Use this URL to cite or link to this record in EThOS: https://ethos.bl.uk/OrderDetails.do?uin=uk.bl.ethos.795252
Title: Microfinance, women's entrepreneurial development and empowerment in Nigeria
Author: Nkwocha, Obinna Udodiri
ISNI:       0000 0004 8502 748X
Awarding Body: Birmingham City University
Current Institution: Birmingham City University
Date of Award: 2019
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Abstract:
The literature and applied studies report that microfinance is an effective tool to tackle poverty, gender inequality, female disempowerment and financial dependency issues. Earlier studies on microfinance reported successes in Bangladesh (Pitt and Khandker,1998) and some Latin American countries (Bolivia) (Velasco & Marconi, 2004). However, the findings of these studies have been overshadowed by recent studies that have reported weak (Ganle, et al., 2015) and sometimes negative microfinance outcomes in other regions (Salia et al., 2018; Karim, 2011). These mixed results have raised doubts about the effectiveness of microfinance and its relevance to promoting women development, especially when donor funding is declining. This empirical study investigates the impact of microfinance intervention on women's empowerment and entrepreneurial development by analysing microfinance interventions and the perspectives of women service users in Nigeria. I drew data for the study from secondary sources, 350 questionnaire responses, 11 focus groups interviews with the women clients, 28 one-to-one interviews with loan officers and heads of a Non-government organisation (NGO) microfinance. Using qualitative, Chi-square, Analysis of variance (ANOVA) and Ordinal regression. The analysis found that access to microcredit, training and mentoring services supports women microenterprises: increased awareness and use of formal financial services and increased business assets and the development of critical soft business skills. This further leads to enhancing the contribution to household decision-making, autonomy in decision-making and decreases in family dispute often triggered by lack of money. Evidence shows that women's social capital development was realised through taking part in group meetings which encouraged social solidarity, mutual support and business networking amongst women entrepreneurs. However, control of spending on household assets (land, building) remains the exclusive prerogative of the male household heads. The results of the study support the previous literature (Swain & Wallentin, 2017; Kabeer, 2010) mainly based on South Asian economies that microfinance support for women positively affects their entrepreneurial development, raises equality levels and reduces their dependency on male household heads. Finally, the study suggests that microfinance efforts at promoting women's empowerment may produce better outcomes within a larger framework that includes the cultural acceptance of women ownership and the control of family assets.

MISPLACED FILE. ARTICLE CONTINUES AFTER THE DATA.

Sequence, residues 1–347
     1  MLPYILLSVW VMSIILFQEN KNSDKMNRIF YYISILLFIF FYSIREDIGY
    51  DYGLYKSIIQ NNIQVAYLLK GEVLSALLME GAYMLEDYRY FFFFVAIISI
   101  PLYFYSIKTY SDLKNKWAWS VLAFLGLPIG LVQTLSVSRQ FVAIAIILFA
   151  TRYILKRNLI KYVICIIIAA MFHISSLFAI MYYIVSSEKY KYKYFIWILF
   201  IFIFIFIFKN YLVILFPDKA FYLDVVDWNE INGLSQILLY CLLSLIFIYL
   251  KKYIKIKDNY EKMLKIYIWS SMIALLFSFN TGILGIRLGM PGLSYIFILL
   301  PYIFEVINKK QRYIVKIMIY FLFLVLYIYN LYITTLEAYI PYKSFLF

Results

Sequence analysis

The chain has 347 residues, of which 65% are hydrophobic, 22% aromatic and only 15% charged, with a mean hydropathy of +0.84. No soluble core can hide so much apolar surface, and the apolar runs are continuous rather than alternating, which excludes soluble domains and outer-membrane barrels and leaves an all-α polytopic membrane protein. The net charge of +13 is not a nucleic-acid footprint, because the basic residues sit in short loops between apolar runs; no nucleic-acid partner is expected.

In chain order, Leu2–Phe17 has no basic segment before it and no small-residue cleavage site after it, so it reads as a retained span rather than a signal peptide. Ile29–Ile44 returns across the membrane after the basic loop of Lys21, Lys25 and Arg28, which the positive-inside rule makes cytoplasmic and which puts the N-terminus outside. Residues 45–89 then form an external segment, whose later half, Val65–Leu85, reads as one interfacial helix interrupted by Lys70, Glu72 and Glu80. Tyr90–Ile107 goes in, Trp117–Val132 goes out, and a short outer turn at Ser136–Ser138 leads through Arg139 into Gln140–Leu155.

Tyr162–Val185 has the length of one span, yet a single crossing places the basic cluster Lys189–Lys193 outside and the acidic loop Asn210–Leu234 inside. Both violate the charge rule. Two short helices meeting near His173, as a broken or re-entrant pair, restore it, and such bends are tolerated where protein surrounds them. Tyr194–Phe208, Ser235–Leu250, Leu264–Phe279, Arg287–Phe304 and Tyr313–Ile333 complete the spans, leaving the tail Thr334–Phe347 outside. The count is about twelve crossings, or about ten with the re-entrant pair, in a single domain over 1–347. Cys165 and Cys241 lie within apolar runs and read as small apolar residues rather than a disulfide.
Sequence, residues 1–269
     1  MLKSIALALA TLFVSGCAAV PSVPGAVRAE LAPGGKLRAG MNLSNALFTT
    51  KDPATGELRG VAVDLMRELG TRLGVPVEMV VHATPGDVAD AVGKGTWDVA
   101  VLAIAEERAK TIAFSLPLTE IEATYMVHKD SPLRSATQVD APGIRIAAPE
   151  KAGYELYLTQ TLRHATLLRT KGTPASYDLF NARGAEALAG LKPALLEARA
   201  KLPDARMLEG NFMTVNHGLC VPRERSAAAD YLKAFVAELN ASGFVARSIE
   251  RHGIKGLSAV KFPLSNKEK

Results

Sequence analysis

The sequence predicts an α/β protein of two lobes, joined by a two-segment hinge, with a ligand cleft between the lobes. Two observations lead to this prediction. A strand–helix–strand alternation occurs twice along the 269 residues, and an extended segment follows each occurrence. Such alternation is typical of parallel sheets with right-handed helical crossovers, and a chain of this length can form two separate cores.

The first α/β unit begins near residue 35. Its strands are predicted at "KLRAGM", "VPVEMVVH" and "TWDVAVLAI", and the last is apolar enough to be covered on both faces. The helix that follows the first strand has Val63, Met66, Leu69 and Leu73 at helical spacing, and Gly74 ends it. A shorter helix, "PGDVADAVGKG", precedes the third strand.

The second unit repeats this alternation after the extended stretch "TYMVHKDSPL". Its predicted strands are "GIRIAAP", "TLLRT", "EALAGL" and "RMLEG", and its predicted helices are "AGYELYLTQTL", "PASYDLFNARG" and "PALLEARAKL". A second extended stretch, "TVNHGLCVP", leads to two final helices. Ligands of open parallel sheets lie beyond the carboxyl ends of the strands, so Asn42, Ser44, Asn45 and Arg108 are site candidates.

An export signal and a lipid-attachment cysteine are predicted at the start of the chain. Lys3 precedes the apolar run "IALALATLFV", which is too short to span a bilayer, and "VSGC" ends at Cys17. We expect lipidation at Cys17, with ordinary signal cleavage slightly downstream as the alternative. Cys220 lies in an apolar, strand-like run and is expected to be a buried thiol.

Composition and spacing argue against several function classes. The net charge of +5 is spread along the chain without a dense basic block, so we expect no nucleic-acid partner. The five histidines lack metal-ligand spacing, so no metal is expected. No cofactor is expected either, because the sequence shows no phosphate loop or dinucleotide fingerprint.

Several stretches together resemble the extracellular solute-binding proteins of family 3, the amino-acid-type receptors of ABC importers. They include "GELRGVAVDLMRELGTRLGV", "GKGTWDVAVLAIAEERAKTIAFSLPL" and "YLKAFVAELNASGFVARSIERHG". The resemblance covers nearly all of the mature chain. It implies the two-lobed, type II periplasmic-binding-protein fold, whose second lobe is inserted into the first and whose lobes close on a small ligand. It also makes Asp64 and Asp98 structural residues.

Supervisor: Hussain, Javed ; El-Gohary, Hatem Sponsor: Not available
Qualification Name: Thesis (Ph.D.) Qualification Level: Doctoral
EThOS ID: uk.bl.ethos.795252  DOI: Not available
Keywords: N100 Business studies ; N300 Finance
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